S2 - EPISODE 7:
LUNGS OF THE NORTH
LUNGS OF THE NORTH
The Arctic and it’s melting glaciers are the first images to mind when we think about climate change. But what do we know about the four million indigenous people living in the Arctic who have been fighting back against both human invasions and shifts in climate? Dalee Sambo Dorough, chair of the Inuit Circumpolar Council, guest hosts this week episode with Mary & Maeve, from Anchorage, Alaska.
Episode 7 Notes:
The Arctic’s indigenous peoples have been fighting back against the colonization of their territories, natural landscapes, and communities for centuries. This week we focus on two indigenous voices in the Arctic. Dalee Sambo Dorough of the Iñupiat Inuit, is the chair of the Inuit Circumpolar Council living in Anchorage, Alaska. She leads the conversation in the studio to share updates on the great legal battles taking place in the Arctic today, and how they’re playing out national and internationally. And we head to Alberta, Canada, to meet Eriel Tchekwie Deranger who is Athabaska Chipewyan of the Denesuline people. Eriel takes us on a vivid tour of the landscapes she grew up with, and the landscapes colonizing entities are leaving behind.
MEET THE MOTHERS OF INVENTION
Dalee Sambo Dorough
Chair, Inuit Circumpolar Council
Anchorage, Alaska, U.S.A
Dalee is the Chair of the Inuit Circumpolar Council (ICC), and formerly Chair of the UN Permanent Forum on Indigenous Issues.
In 1982, Dalee began negotiating the UN Declaration on Indigenous Rights on behalf of an estimated 400 million people worldwide. The document sought to create a human rights order within the United Nations outlined the views and perspectives of indigenous peoples around the world. Her plight was successful, and after 25 years of discussions the document was adopted by the General Assembly on September 13th, 2007.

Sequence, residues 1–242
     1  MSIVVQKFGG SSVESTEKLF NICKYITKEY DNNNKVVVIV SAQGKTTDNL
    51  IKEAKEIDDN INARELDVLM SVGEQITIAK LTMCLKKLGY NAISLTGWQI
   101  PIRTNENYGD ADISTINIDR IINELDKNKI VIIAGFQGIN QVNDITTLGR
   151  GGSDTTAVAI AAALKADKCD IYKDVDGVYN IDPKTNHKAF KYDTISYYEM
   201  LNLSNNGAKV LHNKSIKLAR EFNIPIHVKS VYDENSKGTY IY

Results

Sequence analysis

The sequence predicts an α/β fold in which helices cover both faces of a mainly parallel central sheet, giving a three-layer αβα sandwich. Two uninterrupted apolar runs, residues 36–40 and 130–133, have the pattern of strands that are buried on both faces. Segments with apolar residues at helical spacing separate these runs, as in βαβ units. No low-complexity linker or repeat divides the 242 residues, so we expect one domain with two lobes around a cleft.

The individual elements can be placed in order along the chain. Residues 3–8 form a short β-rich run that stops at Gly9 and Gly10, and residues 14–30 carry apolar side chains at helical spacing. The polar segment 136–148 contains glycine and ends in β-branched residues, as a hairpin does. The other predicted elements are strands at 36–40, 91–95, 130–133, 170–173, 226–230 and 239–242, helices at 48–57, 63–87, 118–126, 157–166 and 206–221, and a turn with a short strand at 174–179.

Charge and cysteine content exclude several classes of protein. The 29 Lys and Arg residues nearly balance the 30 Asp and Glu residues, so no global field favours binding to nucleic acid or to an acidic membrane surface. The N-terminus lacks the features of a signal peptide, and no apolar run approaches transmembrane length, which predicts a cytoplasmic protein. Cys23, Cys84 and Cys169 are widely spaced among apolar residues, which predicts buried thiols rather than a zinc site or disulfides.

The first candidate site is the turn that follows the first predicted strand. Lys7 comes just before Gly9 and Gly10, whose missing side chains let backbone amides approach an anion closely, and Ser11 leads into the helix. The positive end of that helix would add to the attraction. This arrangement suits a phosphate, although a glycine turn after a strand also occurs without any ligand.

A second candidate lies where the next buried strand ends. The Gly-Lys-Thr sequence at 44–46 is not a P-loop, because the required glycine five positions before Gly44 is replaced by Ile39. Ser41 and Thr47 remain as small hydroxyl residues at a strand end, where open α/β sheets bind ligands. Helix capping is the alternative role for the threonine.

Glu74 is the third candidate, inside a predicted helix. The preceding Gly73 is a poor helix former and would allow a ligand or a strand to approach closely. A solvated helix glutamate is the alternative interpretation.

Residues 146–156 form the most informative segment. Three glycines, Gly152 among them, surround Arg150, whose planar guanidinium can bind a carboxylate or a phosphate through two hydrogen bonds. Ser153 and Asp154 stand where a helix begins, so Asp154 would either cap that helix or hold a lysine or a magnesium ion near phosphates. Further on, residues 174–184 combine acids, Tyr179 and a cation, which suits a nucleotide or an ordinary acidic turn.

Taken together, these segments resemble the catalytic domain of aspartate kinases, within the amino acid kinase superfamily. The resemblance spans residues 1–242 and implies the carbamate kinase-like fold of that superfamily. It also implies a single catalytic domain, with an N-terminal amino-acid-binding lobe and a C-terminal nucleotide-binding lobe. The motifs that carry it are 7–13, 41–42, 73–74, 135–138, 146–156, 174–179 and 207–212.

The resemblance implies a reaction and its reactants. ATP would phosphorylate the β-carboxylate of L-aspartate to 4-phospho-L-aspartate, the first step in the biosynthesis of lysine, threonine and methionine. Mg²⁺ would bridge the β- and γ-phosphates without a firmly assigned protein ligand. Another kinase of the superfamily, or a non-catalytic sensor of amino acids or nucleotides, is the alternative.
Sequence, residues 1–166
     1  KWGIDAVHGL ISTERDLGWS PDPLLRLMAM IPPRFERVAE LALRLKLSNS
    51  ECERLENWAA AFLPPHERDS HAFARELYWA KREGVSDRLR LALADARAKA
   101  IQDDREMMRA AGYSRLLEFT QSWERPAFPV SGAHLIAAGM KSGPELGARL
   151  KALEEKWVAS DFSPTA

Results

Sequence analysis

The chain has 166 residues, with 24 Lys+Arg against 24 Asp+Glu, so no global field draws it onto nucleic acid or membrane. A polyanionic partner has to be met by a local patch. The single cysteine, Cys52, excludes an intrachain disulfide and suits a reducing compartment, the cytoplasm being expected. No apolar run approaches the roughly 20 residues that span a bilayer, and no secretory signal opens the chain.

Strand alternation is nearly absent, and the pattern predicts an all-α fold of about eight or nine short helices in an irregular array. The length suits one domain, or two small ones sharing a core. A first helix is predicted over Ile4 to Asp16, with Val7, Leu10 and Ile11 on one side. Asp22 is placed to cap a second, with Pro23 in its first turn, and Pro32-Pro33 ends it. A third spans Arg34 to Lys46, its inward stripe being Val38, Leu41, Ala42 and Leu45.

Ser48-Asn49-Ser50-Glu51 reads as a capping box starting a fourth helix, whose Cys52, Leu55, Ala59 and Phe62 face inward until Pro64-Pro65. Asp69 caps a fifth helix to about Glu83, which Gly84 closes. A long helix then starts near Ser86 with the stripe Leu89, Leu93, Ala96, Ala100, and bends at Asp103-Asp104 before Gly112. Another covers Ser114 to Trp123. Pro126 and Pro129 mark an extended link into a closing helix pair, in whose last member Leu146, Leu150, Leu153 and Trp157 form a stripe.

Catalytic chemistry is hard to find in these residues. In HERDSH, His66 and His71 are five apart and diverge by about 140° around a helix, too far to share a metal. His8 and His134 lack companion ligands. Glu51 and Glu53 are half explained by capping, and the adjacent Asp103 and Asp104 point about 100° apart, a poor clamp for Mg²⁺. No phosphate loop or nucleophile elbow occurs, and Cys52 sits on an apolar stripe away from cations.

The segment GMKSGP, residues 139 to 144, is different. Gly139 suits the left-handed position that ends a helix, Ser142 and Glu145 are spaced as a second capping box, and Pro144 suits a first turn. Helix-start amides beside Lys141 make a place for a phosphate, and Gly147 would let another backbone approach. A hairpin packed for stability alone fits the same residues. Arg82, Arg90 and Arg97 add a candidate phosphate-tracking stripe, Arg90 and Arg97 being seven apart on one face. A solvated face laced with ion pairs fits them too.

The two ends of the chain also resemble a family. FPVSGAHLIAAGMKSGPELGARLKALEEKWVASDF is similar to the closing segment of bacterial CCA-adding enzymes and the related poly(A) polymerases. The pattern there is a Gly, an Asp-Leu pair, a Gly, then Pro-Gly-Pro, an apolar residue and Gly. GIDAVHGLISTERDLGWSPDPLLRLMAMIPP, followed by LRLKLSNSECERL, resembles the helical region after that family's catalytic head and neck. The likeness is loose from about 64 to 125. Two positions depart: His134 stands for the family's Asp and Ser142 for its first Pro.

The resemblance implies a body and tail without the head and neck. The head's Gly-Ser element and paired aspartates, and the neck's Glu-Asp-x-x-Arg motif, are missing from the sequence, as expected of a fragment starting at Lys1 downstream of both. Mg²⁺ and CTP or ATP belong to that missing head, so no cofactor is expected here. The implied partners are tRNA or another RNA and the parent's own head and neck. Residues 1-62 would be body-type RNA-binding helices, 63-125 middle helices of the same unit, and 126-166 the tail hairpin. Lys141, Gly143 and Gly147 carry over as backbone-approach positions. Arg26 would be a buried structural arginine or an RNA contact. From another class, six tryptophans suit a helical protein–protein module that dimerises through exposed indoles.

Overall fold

Today, Dalee brings her energy and radical optimism for indigenous rights back to her home in Alaska, to continue work for the Inupiat people, whom she is a member of, and all Inuit peoples across the Arctic Circle.
Follow the Inuit Circumpolar Council on social media:
Eriel Tchekwie Deranger
Executive Director of Indigenous Climate Network
Edmonton, Alberta, CANADA
Eriel was raised by her parents in the Athabasca Delta. In 1973, they participated in the reoccupation of Wounded Knee, South Dakota with thousands of other indigenous peoples from the American Indian Movement, to protest uranium mining in their family territories. Their perseverance to protect the landscapes that fed and supported their community was the inspiration behind her work, fighting back against mineral extraction, above and below the imaginary Arctic line.
As co-founder of Indigenous Climate Action, Eriel has continued the fight against uranium mining, and today, diamond mining and the Alberta tar sands industrial project threatening the survival of life on the land.
Follow Eriel on Social Media: